B2B Precision also makes adhesive, stick-on targets. This 5-Sheet Pack offers 145 Hi-Viz Target circles with precision Milrad dimensions. There are both 100-yard and 100-meter calibrated versions (120 dots for 100m pack).

Box 2 Bench Precision B2B target dots Milrad Mil Scope checking target

Buyers Praise the B2B Targets
We’ve handled the B2B Targets, which are printed on high-quality, tear-resistant card stock. We can attest the printing is very precise — with accurate elevation and windage values. These aren’t your ordinary targets — they are LARGE — nearly three feet tall. Verified buyers praise these targets, one noting how the B2B target revealed his scope was not tracking properly:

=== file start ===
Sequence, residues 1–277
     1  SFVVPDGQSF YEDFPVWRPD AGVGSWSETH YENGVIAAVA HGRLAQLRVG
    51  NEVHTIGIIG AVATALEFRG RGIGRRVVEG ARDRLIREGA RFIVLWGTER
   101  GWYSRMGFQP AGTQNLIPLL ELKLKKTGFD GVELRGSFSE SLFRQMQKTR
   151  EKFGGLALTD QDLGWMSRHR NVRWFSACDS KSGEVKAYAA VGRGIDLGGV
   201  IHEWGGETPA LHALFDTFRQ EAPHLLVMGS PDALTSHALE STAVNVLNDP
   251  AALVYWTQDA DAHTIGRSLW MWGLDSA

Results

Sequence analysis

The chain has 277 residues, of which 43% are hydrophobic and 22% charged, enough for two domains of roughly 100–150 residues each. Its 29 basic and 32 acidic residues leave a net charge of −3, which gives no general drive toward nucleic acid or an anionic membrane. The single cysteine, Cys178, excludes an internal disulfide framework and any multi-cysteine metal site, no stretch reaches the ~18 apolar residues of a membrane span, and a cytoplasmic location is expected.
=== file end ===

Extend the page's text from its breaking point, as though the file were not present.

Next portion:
“Thank you for talking to me about the MIL and MOA markers on your targets. They are very accurate. While using the Long Range 100-Yard Load Development/Scope Tracking target and my new scope, it helped me realize that my scope wasn’t tracking correctly (both turrets). So, I sent the scope to the manufacturer. When it came back, and using your target as my known constant… the scope is now ‘spot-on’ accurate. These targets are a great tool to gain a better understanding of your rifle, scope, turrets etc., all on one sheet.” — Stan, 2018

“Almost too nice to put holes in. I was in the printing industry for thirty-five years and these are really well done. Quality paper and precise printing, should be able to see bullet holes easily with these!” — Dan, 2018

Box 2 Bench Precision B2B target dots Milrad Mil Scope checking target